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Columbia, SC — As momentum moves to remove the Confederate Battle Flag in front of the State Capitol, two sides with warring opinions gathered on the grounds Tuesday.
“That right there is a constant reminder of slavery,” said Derick Alston as he pointed at the flag.
“It’s my ancestors, and it stands for state’s rights and freedom,” said James Green.
“States right to hold slaves. That was what it was about,” said Tom Clements.
Clements says his family were Confederate soldiers. In the wake of Dylann Roof’s admitted massacre of nine members of the historically African American church, Emanuel AME Church, in Charleston, Clements was one of hundreds to gather at the capitol building.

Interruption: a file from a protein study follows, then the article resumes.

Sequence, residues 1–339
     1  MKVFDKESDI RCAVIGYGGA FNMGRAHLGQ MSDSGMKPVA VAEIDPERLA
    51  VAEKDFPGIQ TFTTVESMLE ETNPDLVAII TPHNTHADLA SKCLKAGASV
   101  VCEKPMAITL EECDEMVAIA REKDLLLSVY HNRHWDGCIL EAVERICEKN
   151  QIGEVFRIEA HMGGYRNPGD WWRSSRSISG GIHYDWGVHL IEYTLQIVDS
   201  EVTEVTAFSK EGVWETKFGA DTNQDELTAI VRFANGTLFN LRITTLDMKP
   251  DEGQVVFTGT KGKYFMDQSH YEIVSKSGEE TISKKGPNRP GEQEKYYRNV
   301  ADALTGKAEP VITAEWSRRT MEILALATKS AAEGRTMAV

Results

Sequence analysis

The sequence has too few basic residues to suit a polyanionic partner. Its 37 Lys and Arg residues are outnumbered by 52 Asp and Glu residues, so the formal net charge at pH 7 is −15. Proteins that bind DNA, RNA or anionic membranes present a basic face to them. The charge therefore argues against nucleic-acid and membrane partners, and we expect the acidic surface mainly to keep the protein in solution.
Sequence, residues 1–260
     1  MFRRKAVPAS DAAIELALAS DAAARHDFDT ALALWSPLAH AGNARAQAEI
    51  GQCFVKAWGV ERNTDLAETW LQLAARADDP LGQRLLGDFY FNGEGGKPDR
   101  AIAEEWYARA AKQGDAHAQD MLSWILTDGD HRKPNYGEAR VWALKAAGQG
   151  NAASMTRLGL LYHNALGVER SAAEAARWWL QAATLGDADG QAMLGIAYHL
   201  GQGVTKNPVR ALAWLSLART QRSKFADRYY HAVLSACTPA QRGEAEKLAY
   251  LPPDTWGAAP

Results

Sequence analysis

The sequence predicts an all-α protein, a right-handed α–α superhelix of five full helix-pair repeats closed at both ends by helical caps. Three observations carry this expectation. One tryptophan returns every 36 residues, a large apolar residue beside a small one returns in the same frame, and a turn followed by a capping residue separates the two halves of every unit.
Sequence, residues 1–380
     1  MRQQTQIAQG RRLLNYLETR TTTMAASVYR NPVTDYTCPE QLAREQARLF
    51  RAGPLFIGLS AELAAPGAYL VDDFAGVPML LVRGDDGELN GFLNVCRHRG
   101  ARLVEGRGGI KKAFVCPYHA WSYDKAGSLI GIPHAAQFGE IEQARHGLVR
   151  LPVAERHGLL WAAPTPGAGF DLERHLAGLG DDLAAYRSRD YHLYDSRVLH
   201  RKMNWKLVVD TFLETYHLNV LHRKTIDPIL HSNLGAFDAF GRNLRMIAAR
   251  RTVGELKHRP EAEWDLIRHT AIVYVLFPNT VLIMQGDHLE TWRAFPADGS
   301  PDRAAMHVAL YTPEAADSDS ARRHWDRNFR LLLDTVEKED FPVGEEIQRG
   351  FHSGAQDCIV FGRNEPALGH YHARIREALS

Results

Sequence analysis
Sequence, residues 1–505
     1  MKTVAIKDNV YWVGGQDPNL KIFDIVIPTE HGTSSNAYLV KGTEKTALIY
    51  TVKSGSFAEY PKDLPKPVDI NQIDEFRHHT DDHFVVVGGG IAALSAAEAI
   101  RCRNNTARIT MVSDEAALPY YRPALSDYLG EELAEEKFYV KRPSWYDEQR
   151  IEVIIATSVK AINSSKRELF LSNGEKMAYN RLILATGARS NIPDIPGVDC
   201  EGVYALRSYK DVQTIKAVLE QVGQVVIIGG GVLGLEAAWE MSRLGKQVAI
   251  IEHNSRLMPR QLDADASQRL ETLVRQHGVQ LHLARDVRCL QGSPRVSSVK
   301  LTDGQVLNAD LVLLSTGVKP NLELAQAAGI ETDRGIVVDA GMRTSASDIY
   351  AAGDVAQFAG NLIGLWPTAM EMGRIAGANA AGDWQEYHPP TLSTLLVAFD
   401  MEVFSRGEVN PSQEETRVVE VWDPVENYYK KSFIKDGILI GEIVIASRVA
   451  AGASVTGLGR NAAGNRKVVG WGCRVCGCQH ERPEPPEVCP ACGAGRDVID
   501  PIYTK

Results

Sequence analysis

“It represents my heritage, absolutely, but it also represents division and racism,” said Clements. “So, I think it should come down.”
The non-profit Sons of Confederate Soldiers march with a different crowd, asking the public not to connect their flag to roof or racism.
“How can we not connect that?” said Alton.
Those who want to keep the flag flying say, “That monument was built after the war because half the men died to protect Columbia from being burnt,” said Stewart.
The house and senate voted to debate the issue this Summer.
“I’m sitting up here, standing here just looking at it, and wondering will it really come down?” said Tanjia King. “Wow! It’s going to be a relief.”
Many wonder if compromise between two interpretations is possible.
“How can we take those memories of pain and suffering and also of heroine and heroes and forge a new memory that can be a legacy?” said Johnny Hill, PhD from Claflin University.